Equal in Sacrifice and Glory

New African American Museum Opens in D.C.

Ariana Wehr, Writer

The National Museum of African American History and Culture Museum in Washington D.C. held a dedication ceremony on September 24, 2016. The development of the museum began in 2012 with precise construction plans. A unique feature of the museum is that it incorporates African American symbolic pieces right into its architecture.

Navigate Left
Navigate Right
  • Ishaan Bhambra (left) and Victor Adebanjo (right) on Mr. Bond’s field trip to the National Museum of African American History. Photo courtesy of Mr. Bond

  • National Museum of African American History Photo courtesy of Mr. Bond

  • Caleb Barber, Bradley Pierre, D.J. Guda, and Gabe Coleman visit the National Museum of African American History. Photo courtesy of Mr. Bond

  • Christian Tadjam celebrates attending the National Museum of African American History. Photo courtesy of Mr. Bond

Navigate Left
Navigate Right

The museum’s architecture was designed by David Adjaye, who has designed other African American museums in Massachusetts. The corona atop the museum was inspired by three tiered crowns used in Yoruba art from West Africa. The metal lattice on the outside of the building is an intricate iron work crafted by enslaved African Americans in Louisiana and South Carolina.

Senior Neenah Williams comments, “[The African American museum] catches my eye and looks amazing at night. I could stare at it all day.” The museum is definitely eye catching and brings many visitors. In the first two weeks the museum hosted more than 100,000 people.

The location of the museum is very significant. To the north of the museum is the White House, to the east is the United States Capitol building, and to the south are the monuments for Thomas Jefferson, MLK Jr., Abraham Lincoln, and George Washington. All of these historic individuals had a profound impact on the history of African Americans.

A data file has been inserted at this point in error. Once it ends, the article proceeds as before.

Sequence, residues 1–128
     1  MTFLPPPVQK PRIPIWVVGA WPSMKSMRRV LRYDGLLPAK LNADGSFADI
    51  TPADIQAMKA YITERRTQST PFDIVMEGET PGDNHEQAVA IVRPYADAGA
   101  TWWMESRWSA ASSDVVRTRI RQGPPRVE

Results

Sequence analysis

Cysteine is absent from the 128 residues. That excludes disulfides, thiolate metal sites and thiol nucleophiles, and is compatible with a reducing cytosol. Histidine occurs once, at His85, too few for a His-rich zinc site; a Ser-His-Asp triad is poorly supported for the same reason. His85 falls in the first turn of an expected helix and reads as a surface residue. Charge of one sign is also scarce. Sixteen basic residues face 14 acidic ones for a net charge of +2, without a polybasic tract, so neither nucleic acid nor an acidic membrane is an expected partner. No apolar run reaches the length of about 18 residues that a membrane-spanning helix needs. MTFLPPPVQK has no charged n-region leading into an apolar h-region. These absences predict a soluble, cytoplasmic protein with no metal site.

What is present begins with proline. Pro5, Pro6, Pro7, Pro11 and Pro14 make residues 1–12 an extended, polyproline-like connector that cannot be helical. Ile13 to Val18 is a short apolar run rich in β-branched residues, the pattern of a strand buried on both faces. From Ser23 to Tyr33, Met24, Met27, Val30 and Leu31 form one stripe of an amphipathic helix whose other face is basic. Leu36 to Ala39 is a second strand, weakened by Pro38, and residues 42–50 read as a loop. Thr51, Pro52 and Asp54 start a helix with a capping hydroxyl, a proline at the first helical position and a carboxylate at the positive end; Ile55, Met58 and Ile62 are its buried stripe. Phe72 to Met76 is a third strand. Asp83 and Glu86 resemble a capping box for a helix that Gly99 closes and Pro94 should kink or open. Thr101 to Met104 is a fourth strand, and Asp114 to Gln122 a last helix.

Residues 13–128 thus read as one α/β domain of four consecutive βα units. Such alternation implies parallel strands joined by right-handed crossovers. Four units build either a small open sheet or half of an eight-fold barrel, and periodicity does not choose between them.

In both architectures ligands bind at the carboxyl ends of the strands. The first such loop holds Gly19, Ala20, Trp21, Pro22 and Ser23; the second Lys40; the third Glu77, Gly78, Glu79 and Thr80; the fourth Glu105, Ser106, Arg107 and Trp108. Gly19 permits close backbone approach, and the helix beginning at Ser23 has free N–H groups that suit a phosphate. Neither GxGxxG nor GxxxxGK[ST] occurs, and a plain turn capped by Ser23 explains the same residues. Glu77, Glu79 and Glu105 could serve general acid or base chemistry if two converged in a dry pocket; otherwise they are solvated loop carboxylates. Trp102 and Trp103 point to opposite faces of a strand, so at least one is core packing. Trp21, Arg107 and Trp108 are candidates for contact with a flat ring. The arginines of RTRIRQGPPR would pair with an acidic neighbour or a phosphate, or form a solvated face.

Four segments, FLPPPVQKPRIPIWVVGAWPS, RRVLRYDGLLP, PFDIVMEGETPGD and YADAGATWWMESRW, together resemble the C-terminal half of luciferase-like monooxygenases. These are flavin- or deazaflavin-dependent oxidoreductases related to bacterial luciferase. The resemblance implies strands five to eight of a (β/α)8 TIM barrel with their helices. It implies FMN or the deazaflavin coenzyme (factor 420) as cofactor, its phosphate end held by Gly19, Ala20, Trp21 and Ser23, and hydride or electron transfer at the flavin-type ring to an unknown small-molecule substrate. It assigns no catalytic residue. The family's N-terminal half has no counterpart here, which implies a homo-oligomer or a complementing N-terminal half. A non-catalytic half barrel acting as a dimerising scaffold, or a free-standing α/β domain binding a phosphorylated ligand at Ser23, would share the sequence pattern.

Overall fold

“The museum gives the people a greater concept and understanding for why it was a necessity. The story of the slaves deserves to be told and it serves to unite us. It reminds us that we are all created equal and that we all deserve a voice,” comments English teacher Ms. Coke.

For years the African American community has felt culturally underappreciated and many are very glad to see this new addition in such a prominent location.

“I felt validated as a black American, and proud of the people who worked hard to make the museum happen. It choked me up and gave me a sense of pride…[Barack Obama] restored dignity to the slaves and he acknowledged the pain and suffering; but most importantly, he spoke of their bravery and their fight to end injustice, and that’s empowering,” notes Ms. Coke.

The 400,000 square foot museum is filled with more than 36,000 artifacts. These artifacts range from the dress Rosa Parks was sewing before she was arrested, to artifacts from a Portuguese slave shipwreck.

In the sports gallery there is an image of Olympic gymnast Gabby Douglas projected over statues of Peter Norman, Tommie Smith, and John Carlos, who are all track and field athletes. Smith and Carlos protested for racial inequality and raised their fists during their medal ceremony in 1968.

To honor America’s first black president, an exhibit holds items from President Obama’s inauguration in 2009, including furniture from a 2008 campaign office in northern Virginia, a cloth banner from Tanzania with an Obama portrait and message reading “Congratulations Barack Obama.”

This museum is a true dedication to African American history, but why did the public just get a museum in D.C. in 2016? “The African American community is really trying to step it up and is working harder to be noticed in a good way,” notes Williams.

Getting into this highly recognized museum is very difficult. To attend the museum, order timed passes online at https://nmaahc.si.edu/visit/passes. Passes for March 2017 are already sold out, so schedule your trip well ahead of time and enjoy the new museum!